This constant revolving door of expectations set by parents, teachers, colleges, coaches and even the students themselves causes many teenagers across America, such as senior Maddie Gessler, to occasionally feel bombarded with assignments or with scholastic anxiety and insecurity.

“I think being in school for eight hours a day and having to go home and do extra work can cause you to be really stressed and overwhelmed,” she said.

Gessler, like many other driven students in the BV district, points out that she goes the extra mile in academics in order to achieve the grades she desires.

“I don’t really consider myself an average student because I do put in a lot of work,” she said. “I think I have really applied myself and tried my hardest in every class.”

In addition to managing the final grades that will affect her high school GPA, Gessler went through the college applications process this year. Although she moved through steps to admission swiftly, that’s certainly not the case for everybody else applying to colleges in the midst of a pandemic.

“It was a lot easier [for me] because I knew where I was going really early,” she said. “I know my best friend has had a lot of stress and anxious feelings toward it because she’s unsure about where she’s going.”

Before Gessler can focus on her future grades or activities while attending the University of Arkansas, she feels an obligation to conclude her high school career with a strong academic performance.

“I definitely feel pressured by my parents to get certain test scores,” she said. “At this point, it’s needed for college.”

This academic stress, Gessler explains, also bleeds into and is affected by other areas of her life, like cheer, dive, NHS and work.

“There’s a definite correlation between [school and activities],” she said. “Whenever I have more homework, I’m more stressed in activities, and whenever I have more going on in my activities, I’m more stressed with school, so they play off each other.”

Though she knows no other way, Gessler described what she feels to be the pros and cons of attending school in such an academically competitive district.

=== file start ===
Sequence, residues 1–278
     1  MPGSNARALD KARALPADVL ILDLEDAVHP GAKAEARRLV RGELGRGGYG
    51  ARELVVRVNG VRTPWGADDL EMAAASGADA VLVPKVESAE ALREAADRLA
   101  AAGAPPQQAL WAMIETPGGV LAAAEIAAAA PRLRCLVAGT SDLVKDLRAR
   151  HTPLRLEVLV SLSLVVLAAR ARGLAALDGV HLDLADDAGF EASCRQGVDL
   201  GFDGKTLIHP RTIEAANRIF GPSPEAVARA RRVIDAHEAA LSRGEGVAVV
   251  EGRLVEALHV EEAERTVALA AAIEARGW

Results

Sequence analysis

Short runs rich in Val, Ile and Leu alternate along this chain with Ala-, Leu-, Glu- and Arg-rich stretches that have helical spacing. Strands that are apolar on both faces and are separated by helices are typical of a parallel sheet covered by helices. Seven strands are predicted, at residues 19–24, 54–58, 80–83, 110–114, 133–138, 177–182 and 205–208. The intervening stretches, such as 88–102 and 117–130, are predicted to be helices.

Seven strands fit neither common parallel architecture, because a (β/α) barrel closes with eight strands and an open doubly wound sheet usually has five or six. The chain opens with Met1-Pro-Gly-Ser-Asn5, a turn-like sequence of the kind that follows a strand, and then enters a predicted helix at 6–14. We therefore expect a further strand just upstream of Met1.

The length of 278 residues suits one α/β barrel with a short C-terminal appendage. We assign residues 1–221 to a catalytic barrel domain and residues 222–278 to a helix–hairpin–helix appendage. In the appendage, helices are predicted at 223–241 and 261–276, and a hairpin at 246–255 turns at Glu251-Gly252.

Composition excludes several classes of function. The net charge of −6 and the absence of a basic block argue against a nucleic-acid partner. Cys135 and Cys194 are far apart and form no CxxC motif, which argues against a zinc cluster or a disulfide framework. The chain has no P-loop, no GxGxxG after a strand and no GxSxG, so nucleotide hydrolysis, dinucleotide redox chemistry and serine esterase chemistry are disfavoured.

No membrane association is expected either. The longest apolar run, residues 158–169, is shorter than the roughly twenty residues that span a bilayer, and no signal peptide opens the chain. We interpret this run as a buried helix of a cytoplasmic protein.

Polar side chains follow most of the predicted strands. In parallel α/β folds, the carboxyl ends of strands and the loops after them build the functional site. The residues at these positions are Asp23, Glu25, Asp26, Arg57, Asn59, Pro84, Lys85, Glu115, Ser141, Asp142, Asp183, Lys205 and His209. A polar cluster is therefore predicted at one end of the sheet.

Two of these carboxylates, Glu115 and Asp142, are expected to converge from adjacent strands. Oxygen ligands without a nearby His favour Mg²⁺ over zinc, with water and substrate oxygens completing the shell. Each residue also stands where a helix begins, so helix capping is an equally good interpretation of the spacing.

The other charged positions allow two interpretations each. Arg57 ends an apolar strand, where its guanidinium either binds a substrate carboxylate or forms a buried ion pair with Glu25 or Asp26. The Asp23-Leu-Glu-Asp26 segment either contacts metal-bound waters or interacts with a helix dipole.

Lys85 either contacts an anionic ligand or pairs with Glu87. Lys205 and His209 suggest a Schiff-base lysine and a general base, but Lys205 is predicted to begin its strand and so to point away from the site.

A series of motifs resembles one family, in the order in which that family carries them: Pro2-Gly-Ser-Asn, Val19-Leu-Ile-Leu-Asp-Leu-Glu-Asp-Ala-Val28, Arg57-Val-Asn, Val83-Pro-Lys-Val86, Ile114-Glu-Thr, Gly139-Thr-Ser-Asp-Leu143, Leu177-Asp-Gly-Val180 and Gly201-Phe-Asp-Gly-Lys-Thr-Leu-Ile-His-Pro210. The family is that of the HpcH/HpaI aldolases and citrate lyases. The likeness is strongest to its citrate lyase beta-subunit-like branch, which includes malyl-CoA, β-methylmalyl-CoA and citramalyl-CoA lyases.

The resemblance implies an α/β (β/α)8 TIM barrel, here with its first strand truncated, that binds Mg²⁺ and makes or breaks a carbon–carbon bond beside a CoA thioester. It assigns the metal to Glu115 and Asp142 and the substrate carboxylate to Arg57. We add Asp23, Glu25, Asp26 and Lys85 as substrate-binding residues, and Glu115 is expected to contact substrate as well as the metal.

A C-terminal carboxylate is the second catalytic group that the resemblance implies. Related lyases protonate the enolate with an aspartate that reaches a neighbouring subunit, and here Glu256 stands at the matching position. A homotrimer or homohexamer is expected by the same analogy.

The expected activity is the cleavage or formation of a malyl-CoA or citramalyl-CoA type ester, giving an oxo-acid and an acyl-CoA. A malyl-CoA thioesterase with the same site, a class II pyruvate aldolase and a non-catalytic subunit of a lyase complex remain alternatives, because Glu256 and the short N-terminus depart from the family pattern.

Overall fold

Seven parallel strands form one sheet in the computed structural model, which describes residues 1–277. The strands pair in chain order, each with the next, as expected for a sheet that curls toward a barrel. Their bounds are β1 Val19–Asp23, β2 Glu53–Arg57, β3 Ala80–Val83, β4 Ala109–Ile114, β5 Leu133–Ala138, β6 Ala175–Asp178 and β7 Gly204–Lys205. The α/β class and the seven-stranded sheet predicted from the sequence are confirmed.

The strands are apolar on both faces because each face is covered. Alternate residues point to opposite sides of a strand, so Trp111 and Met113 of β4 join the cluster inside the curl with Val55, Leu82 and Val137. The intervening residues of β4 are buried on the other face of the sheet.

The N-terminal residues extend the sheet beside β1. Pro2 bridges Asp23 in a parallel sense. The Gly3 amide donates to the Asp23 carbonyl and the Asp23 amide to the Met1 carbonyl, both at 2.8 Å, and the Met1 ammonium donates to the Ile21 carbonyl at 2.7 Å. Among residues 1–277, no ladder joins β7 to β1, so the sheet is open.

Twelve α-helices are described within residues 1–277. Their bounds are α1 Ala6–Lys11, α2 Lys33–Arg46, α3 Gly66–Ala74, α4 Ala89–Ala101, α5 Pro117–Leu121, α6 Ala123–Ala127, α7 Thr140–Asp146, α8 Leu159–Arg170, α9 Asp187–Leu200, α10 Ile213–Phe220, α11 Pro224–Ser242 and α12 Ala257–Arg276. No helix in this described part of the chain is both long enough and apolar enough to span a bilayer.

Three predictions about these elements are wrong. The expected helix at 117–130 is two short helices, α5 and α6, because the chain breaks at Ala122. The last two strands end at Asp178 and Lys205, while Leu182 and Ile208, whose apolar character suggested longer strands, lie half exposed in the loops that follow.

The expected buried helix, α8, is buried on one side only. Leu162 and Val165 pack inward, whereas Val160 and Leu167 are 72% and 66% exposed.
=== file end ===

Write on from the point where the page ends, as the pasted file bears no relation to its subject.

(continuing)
“I think we have more pressure on us to perform better,” Gessler said. “I also think [going to school in the BV district] gives us more opportunities and lets us learn in a good environment — it helps us thrive.”

Being Burnt Out

Our experience with school has looked different for many students the past several months. However, senior Emily Cummings’ stress levels and relationship with her classes has not.

Throughout high school, Cummings expressed her workload has caused her to become increasingly unmotivated and has overall affected her energy levels outside of school.

“Being burnt out has made me exert more energy on schoolwork,” Cummings said. “This has left me a lot more tired at the end of the day.”

With school being hybrid or fully online, she shared how this year especially all students feel a sense of exhaustion.

“I think everyone, no matter what they say, is majorly burnt out from high school and this past year in general,” she said.

Although Cummings is a senior this year, she empathizes with the underclassmen.

“Freshman year was the hardest year for me because the environment was so different from middle school,” Cummings said. “I can’t imagine how difficult it must be adjusting to high school and its workload from an online perspective.”

With this being Cummings’ last semester of high school, motivation is something she is struggling to maintain during her three classes.

“I am definitely finding it hard to stick to my studies rather than focusing on other things such as work and time with friends,” she said. “All I want to do is get on Zoom for the attendance and then dip. It’s hard to keep motivation high when I know in the grand scheme of things this last semester is meaningless when it comes to college.”

Senioritis has kicked in for Cummings, and as many others would agree, she never thought school would ever look the way it does now. If she knew then what she knows now regarding school and its workload, Cummings admits she would have taken a much easier route to graduation.

“I would tell myself that it’s OK to not go full-blown on the AP and honors classes,” Cummings said. “There is so much more to life and high school than the actual school part. You also need to enjoy the company of friends and soak up the memories while you can.”